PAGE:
Renu Gupta

An Indian American community leader in Cincinnati, Ohio, Renu Gupta, was recently awarded with the 2019 ‘She The Change Nari Udhyami’ Award. (photo provided)

Indian American community leader Renu Gupta Jan. 23 was honored in India with the ‘She The Change – Nari Udhyami Sanman 2019’ award for her lifelong efforts in bringing about a positive change in the lives of people in India and the U.S.

The award, conferred by the Beti & Shiksha Foundation in Varanasi, India, was presented by Tara Gandhi, granddaughter of Mahatma Gandhi and Uttarkhand Gov. Baby Rani Maurya.

Gupta, 61, grew up in Rajasthan where she completed her studies in Sanskrit and English. Here marriage to Dr. Arun Gupta, a scientist, brought her to the U.S. where she plunged into a job, studies and community activities, according to a news release.

She credits her maternal grandmother who instilled the values of Hindu dharma and her paternal grandfather from whom she absorbed the spirit of selfless service.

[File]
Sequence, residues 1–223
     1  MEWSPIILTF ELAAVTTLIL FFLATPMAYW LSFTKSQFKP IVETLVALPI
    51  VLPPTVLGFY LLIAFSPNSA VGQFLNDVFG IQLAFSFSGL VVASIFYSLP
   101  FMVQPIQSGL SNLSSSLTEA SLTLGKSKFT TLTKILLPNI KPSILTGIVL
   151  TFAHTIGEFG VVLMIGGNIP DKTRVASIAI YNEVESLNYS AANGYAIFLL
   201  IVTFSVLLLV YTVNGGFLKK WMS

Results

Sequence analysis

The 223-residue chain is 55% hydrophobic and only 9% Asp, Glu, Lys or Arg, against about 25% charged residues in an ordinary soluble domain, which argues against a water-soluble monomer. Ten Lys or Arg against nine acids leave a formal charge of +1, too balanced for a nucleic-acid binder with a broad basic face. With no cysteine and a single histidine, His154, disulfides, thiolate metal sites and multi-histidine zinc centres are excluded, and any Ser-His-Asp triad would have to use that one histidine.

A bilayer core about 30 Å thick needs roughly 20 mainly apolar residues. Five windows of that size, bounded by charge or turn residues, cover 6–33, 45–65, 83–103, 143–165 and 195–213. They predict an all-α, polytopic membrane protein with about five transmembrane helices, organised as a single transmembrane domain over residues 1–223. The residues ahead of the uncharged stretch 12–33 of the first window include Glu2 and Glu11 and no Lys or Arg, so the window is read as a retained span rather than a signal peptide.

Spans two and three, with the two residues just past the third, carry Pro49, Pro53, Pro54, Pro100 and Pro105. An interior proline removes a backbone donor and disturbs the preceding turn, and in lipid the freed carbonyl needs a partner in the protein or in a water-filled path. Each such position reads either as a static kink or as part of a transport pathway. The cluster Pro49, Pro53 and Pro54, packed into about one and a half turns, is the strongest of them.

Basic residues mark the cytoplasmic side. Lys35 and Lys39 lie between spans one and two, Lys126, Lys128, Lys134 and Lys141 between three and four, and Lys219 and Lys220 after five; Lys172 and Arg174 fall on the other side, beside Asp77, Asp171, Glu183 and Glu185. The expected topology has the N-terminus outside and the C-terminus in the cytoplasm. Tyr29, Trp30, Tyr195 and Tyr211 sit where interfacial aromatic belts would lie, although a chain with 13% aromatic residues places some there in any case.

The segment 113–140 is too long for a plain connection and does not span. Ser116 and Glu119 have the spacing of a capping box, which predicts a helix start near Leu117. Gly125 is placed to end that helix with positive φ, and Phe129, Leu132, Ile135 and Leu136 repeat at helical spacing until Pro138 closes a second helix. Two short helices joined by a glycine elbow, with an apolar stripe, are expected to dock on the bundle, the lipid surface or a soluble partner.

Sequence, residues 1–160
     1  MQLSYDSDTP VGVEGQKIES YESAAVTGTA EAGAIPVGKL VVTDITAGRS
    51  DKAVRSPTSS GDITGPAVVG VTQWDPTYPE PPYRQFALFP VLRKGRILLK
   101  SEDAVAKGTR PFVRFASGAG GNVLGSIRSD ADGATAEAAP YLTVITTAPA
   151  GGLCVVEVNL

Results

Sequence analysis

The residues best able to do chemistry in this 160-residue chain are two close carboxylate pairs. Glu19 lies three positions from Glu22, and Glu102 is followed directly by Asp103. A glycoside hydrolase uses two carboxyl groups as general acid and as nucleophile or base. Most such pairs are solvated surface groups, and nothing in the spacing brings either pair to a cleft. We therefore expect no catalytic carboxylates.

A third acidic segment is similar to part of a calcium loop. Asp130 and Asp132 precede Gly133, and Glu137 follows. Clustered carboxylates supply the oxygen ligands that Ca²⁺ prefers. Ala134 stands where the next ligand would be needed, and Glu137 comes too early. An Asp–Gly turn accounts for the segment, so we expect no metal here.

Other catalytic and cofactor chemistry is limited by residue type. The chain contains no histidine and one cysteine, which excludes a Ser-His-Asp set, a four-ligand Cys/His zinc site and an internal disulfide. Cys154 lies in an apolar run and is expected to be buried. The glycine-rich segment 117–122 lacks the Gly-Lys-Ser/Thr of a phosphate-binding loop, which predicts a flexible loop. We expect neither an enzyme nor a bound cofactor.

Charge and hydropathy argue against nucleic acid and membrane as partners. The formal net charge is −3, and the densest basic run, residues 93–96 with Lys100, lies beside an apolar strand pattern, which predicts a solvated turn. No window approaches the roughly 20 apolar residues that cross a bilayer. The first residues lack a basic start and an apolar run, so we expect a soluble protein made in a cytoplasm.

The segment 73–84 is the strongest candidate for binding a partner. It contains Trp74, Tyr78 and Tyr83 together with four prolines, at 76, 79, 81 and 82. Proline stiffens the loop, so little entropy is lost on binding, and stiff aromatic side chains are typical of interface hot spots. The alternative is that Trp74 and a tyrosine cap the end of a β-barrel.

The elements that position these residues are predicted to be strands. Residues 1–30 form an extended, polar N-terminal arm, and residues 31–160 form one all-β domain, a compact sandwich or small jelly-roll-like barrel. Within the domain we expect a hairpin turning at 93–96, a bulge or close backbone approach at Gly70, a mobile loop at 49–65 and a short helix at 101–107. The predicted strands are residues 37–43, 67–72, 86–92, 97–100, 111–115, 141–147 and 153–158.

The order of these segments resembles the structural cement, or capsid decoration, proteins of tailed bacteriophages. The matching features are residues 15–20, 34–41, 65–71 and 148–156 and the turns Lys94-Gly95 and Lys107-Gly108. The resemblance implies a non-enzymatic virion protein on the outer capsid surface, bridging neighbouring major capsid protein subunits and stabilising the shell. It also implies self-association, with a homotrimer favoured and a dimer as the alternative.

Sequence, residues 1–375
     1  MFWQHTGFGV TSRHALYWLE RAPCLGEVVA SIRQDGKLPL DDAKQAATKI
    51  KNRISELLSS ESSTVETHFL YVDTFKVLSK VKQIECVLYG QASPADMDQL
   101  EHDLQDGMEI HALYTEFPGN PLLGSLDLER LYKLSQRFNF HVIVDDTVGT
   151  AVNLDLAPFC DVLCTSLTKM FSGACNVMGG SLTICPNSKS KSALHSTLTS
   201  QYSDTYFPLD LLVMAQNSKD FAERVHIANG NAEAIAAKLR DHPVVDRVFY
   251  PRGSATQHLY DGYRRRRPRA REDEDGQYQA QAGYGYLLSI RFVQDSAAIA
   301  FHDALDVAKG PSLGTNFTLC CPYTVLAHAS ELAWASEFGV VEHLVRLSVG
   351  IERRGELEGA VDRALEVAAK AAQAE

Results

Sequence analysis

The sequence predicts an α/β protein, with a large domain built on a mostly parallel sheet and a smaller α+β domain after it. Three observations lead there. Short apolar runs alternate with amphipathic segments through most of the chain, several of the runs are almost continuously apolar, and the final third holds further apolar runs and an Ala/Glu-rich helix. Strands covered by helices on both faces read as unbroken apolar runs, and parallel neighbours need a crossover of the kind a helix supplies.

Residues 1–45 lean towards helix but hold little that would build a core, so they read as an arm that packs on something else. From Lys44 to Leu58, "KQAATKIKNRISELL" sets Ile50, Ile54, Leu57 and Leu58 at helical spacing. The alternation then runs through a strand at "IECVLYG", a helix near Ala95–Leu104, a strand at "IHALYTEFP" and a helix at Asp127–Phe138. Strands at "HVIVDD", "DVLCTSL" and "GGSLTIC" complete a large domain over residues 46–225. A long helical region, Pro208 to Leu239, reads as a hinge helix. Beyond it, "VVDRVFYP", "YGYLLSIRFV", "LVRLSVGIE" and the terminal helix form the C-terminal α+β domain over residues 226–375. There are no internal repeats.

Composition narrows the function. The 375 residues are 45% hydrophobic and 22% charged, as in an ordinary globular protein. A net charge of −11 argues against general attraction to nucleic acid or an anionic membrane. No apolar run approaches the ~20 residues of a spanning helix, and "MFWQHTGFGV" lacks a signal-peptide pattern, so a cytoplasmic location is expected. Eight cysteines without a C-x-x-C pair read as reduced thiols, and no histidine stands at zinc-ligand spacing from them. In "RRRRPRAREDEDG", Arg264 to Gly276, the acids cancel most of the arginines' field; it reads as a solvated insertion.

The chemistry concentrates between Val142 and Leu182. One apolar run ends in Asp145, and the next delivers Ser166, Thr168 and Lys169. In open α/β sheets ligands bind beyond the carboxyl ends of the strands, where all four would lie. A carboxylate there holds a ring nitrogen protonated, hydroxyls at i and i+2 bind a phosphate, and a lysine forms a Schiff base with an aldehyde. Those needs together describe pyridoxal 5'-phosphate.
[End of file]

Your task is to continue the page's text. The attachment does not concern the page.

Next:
A member of the Vishwa Hindu Parishad America for the last 36 years and now serving as VP of Seva in the VHPA, Gupta spearheaded a group of 15 likeminded women for “Seva, Shakti and Sadhana.” All activities are geared towards this mission such as organizing spiritual retreats, workshops and serving the community.

In 2008, she received a call from a Catholic Service coordinator who asked for help in rehabilitating 50 refugee Bhutanese and Nepali families. Over the course of 10 years, the VHPA group worked with the refugees to set up their homes, taught them to clean houses and drive so they could find employment, file taxes and helped their children enroll in school, the release said.

Five years ago she took up the “Support A Child” project – a VHPA initiative that was languishing for want of attention. The initiative raises funds for the education and boarding of underprivileged children in India and her efforts helped their support grow from 700 children to 2,500 children.

One of the original volunteers of Ekal Vidyalaya Foundation of USA, Gupta was elected as the first woman to become the chairperson of the board.

She also spends time teaching Hindi and Hindu culture to children in Cincinnati, Ohio, where she is based. Role models for our children, she insists, must be characters like Mirabai, Shivaji, Maharana Pratap and Laxmi Bai, the release said.

Playing on the word “Hindi medium,” she enjoins Indian American parents to “raise their children through the Hindu medium and teach them values of Hindu dharma,” the release added.

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